The participation rate of each examination is shown in Table 6. The urban area cohort was closed after the examination at the age of 84 months due to the lack of research funds. However, while we were examining the 84-month-old children of the coastal area cohort, the Great East Japan Earthquake hit, causing severe damage. Because of this disaster, the participants were compulsorily divided into predisaster and postdisaster groups [21]. The follow-up rate for the 84-months-old examination of the predisaster group was 78.1%, but for the postdisaster group, it was 65.6%. Therefore, the follow-up rate for the 84-months-old examination was lower than the other examination.
The scores of the BSID-II are provided in Table 7. The MDI of the BSID-II was significantly higher in the urban area children than that in the coastal area children, whereas there was no difference in the PDI of the BSID-II between these two groups. Table 8 shows the results of the multiple regression analysis. Cord-blood THg was not significantly correlated with any BSID-II scores. However, there was a relationship between child gender and BSID-II scores. Therefore, the following analysis was carried out separately for boys and girls. As shown in Table 9, it was only in boys that the cord-blood THg was significantly associated with lower PDI of the BSID-II. As we focused on the PDI score of BSID-II and stratified the participants by research area, the association between cord-blood THg and PDI was found only in the coastal area boy group (Table 10).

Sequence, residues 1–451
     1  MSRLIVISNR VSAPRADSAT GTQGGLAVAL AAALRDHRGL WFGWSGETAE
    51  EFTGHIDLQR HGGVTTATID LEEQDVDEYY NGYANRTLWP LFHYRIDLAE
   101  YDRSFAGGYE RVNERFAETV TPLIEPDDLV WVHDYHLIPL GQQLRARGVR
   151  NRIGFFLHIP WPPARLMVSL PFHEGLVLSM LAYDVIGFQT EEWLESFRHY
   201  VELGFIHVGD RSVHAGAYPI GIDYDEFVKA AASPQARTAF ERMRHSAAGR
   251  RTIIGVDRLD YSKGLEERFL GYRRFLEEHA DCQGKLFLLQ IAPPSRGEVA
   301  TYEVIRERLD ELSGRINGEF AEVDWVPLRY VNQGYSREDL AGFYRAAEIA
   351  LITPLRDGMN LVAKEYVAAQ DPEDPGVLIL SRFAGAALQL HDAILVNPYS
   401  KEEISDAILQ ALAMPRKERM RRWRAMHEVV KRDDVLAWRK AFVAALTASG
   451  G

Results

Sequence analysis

4. Discussion

4.1. Outline of the TSCD